After lunch, Randy Hafer from High Plains Architects presented work on his new home, which he is calling the Urban Frontier House. The house was designed to meet zero net energy and a host of design standards including Passive House, LEED Platinum, and the Living Building Challenge. The presentation looked at lessons learned from the experience of designing and constructing the house, and how these can be used for future building. Hafer faced interesting issues when dealing with the requirements of a zero net water and energy building, especially related to heating as well as water use and reuse, but continuous troubleshooting is bringing this closer and closer to reality.

Following Hafer, Colin Lane with MMW Architects spoke about his work on the Solstice project in Missoula, a LEED Gold affordable housing project. A large portion of the sustainability work here came through the site, as the team took a site that was 80% hardscape and reduced that to 30%, and extensively rehabilitated the riverbank. The project used the first greywater irrigation system permitted in Montana to water a significant portion of the site, and created a park space between the buildings that led to the river and a continuation of Missoula’s Riverfront Trail system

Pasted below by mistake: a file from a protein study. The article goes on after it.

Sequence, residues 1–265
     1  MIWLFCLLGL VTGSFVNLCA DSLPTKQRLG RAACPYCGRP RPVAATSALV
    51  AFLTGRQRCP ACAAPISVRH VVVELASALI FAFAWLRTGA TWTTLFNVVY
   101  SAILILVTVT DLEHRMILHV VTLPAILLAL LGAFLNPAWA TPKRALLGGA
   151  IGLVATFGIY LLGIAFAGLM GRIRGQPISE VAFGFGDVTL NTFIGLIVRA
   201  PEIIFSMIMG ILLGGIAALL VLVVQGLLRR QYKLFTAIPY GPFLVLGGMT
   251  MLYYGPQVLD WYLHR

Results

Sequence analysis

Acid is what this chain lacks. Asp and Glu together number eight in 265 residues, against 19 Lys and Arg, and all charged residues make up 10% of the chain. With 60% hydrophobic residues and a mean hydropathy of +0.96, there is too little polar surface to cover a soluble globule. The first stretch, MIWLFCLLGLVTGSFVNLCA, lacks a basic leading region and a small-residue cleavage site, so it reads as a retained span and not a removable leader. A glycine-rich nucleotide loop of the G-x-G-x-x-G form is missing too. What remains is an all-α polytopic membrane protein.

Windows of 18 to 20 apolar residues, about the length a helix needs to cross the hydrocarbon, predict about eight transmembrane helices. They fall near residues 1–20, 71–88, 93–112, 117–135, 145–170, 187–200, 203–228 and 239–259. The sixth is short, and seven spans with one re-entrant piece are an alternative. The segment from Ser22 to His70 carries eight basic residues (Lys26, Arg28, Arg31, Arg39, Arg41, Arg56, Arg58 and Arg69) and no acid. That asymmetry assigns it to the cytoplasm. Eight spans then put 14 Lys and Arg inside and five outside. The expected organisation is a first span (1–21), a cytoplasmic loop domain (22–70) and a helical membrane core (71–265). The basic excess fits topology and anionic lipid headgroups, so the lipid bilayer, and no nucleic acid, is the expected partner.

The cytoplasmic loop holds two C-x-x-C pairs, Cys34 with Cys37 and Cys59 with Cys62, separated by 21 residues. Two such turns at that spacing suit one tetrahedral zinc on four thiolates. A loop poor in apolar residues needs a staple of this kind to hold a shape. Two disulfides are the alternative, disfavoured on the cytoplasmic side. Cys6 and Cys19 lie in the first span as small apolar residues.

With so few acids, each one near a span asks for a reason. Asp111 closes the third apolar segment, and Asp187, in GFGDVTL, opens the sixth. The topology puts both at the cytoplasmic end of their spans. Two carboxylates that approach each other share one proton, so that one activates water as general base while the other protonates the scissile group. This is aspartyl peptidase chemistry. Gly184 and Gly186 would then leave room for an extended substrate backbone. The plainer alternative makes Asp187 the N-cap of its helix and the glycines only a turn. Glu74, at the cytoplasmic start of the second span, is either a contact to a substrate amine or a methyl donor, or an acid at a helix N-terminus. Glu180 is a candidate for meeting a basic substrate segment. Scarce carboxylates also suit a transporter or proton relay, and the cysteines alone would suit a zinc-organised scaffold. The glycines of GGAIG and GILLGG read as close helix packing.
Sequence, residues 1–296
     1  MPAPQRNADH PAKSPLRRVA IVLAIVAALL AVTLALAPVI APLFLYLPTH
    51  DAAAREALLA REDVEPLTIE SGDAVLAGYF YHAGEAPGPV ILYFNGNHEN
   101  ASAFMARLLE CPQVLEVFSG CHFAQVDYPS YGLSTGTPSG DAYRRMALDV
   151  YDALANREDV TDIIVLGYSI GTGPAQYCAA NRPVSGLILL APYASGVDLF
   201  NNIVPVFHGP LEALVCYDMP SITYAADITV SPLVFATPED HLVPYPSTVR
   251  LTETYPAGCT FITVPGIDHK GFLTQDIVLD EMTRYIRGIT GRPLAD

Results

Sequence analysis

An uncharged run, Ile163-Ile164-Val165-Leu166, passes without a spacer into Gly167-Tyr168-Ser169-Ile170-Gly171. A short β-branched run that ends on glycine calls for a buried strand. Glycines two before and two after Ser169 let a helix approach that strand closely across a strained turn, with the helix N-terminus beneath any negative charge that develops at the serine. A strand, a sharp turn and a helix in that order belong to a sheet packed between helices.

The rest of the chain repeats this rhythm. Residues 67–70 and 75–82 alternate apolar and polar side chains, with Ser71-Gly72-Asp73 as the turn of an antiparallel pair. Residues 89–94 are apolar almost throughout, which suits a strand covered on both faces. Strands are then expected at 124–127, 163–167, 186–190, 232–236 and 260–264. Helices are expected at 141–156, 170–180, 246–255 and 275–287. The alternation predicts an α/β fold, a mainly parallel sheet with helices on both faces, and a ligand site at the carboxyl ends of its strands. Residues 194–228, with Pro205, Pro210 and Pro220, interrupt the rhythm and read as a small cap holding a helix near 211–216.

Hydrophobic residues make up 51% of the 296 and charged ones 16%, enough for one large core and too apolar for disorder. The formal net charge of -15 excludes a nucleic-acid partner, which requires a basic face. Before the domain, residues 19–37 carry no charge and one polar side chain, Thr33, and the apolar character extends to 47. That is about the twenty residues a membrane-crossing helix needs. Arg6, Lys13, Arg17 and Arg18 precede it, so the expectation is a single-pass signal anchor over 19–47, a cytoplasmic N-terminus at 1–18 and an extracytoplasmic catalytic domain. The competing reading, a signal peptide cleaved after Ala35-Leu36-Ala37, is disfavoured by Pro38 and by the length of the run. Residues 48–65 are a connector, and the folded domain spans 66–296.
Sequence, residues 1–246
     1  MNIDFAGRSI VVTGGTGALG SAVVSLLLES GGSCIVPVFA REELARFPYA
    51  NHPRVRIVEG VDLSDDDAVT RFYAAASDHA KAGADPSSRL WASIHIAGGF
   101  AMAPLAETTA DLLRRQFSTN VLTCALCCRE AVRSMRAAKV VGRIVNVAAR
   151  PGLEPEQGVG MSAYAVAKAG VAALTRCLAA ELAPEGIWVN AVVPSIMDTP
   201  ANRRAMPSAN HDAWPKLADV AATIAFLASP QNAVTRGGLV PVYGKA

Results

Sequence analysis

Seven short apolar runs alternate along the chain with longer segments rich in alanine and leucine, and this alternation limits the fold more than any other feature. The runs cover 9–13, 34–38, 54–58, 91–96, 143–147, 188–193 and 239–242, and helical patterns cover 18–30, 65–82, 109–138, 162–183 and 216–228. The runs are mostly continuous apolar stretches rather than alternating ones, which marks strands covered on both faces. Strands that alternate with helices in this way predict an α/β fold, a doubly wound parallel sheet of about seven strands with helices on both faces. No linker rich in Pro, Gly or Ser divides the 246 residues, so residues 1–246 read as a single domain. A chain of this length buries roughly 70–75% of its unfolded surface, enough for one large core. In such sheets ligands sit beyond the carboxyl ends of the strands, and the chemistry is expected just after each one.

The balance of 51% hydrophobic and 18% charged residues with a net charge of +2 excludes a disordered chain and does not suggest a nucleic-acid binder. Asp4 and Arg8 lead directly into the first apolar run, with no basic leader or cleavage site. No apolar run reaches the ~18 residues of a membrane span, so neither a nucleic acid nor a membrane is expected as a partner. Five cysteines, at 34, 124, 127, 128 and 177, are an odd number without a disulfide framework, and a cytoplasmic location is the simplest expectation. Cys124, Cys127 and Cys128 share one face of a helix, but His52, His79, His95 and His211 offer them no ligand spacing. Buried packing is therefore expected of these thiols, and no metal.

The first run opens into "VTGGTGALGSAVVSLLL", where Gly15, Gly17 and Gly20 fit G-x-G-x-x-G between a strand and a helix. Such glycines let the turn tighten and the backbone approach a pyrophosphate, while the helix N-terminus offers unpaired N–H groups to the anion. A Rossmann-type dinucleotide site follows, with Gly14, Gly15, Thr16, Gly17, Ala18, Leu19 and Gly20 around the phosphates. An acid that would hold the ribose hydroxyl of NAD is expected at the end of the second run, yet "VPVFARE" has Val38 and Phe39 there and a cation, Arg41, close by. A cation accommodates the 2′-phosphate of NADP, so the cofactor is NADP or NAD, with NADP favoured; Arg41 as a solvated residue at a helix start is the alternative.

Nick Salmon then presented his work on green schools, focusing on resiliency. Salmon, a former architect at CTA, is now an educational consultant affiliated with the Collaborative Learning Network in Missoula. He shared a number of ideas focused on what makes a school green or resilient, with a focus on new methods and approaches to teaching and learning. Some of the highlights included a look at what makes a good site for a school, with a focus on existing infrastructure, access to transportation, and location relative to housing and services that are often ignored in favor of first cost of land. Salmon also explored space utilization, looking at programs like one that split students into two schedules, which gave them the same amount of time in class, but boosted the utilization of the school building from 75% up to between 100% and 200%.